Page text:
3D models by Wyatt C./3D Warehouse (drone); Dialplus/3D Warehouse (turbine); Harry A/3D Warehouse (3D printer); X CALIBER/3D Warehouse (gun) The next few decades could yield new tools for criminals, new security threats, and new challenges to the world economic order—all built layer by layer by 3D printers. 3D printers already produce everything from prosthetic hands and engine parts to basketball shoes and fancy chocolates. But as with any technological advance, new possibilities come with new perils.​​​​​​​ A new RAND paper, Additive Manufacturing in 2040: Powerful Enabler, Disruptive Threat, explores how 3D printers will affect personal, national, and international security. The paper is part of RAND's Security 2040initiative, which looks over the horizon to anticipate future threats.

Information – The Final Frontier of Cybersecurity

Jani Antikainen

Typically, information can be stolen without much impact to operations. In some cases, access to information may be denied, causing temporary harm until backups can be restored. Compromising information integrity, its trustworthiness, however can have far more devastating operational effects as it might cause an organization to make decisions based upon bad information or reduce customer trust in their platform or business. Imagine the impact if there is even a suspicion that business critical information might not be all correct. The manufacturing blueprints could have an intentional error, invoices might have wrong account numbers in them, financial statements affecting stock prices might have faulty numbers. And for all this, it might not be possible to know when exactly the manipulation started. Soon the lack of trust will drive all operations to a grinding a halt.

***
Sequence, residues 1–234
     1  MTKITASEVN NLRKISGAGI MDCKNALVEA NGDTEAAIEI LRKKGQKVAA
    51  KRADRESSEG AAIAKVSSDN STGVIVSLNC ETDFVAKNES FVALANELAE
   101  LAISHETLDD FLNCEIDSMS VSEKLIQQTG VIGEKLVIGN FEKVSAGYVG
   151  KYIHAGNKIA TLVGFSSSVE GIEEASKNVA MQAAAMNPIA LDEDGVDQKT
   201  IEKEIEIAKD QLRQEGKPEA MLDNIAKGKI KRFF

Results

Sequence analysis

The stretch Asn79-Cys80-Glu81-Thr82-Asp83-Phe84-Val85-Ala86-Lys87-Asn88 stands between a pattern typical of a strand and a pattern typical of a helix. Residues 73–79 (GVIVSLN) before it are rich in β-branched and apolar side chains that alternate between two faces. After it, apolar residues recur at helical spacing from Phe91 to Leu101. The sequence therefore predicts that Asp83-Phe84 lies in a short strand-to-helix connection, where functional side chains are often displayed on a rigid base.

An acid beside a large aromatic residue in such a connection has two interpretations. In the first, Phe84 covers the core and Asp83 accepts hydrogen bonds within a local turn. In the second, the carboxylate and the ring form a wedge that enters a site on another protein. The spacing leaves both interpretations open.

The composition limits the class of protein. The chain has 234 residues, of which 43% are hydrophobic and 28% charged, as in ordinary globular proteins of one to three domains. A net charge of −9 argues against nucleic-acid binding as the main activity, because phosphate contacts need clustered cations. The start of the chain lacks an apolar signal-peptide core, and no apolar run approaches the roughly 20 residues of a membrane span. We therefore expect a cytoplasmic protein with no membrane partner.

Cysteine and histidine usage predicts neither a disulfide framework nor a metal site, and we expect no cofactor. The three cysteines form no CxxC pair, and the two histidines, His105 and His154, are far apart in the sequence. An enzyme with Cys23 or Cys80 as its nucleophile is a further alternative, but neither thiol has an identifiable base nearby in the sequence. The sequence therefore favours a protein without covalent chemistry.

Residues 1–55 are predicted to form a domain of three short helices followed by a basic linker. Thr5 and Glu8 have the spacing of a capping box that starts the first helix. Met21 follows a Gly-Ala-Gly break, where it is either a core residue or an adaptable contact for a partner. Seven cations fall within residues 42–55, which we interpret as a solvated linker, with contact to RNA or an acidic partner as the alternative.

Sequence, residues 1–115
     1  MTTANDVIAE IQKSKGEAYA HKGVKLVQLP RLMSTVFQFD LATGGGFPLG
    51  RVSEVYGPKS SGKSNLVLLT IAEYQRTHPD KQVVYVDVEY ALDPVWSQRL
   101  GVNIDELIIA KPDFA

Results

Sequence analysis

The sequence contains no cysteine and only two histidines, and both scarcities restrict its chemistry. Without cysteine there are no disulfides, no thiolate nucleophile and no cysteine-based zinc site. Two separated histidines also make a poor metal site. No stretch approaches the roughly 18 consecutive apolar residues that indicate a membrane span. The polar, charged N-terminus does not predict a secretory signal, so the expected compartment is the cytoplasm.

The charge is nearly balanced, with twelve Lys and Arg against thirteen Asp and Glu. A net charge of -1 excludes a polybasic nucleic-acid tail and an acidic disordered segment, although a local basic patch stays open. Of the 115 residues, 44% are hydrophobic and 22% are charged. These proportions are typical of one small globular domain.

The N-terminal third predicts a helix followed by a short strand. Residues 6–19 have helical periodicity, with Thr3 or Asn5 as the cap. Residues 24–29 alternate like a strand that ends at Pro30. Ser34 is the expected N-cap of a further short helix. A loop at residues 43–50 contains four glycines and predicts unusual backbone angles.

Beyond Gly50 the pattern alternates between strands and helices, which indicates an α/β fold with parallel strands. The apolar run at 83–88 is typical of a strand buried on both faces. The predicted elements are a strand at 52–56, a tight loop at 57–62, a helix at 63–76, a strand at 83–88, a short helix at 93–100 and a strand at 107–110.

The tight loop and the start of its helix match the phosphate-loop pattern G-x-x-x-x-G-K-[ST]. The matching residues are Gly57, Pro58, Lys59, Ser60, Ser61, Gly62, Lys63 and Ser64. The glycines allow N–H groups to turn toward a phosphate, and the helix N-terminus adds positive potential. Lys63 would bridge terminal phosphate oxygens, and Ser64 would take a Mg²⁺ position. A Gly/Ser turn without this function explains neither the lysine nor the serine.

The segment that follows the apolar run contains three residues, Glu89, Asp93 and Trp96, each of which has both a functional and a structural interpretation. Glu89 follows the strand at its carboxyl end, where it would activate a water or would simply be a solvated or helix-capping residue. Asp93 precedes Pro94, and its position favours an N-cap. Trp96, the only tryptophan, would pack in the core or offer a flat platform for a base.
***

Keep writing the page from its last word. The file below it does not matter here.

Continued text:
"OOPS, YOUR FILES have been encrypted!" This was the chilling message that greeted hundreds of thousands of computer users last summer. The WannaCry ransomwareattack brought production to a standstill at Renault factories across France, put lives at risk by attacking hospitals in the UK, and cost companies around the world billions of dollars in lost revenue. Jens Stoltenberg (@jensstoltenberg) is NATO secretary general and the former prime minister of Norway. The digital revolution has transformed our lives for the better. But this revolution has a dark side: Cyberattacks are now a part of our daily lives. The very nature of these attacks poses a challenge. It is often difficult to know who has attacked you, or even whether you have been attacked at all. And the culprits vary from governments to criminal gangs to terrorist groups and lone individuals. Nowhere is the fog of war thicker than in cyberspace.

All the Nuclear Missile Submarines in the World in One Chart

By Dimitrios Mitsopoulos

The ballistic missile submarine is the most reliable means of nuclear deterrence. These vessels would survive a first strike and retaliate, which is meant to prevent an enemy from ever using its weapons. These fearful underwater giants stay hidden in the oceans avoiding detection at all costs and are always ready for the moment they might be needed.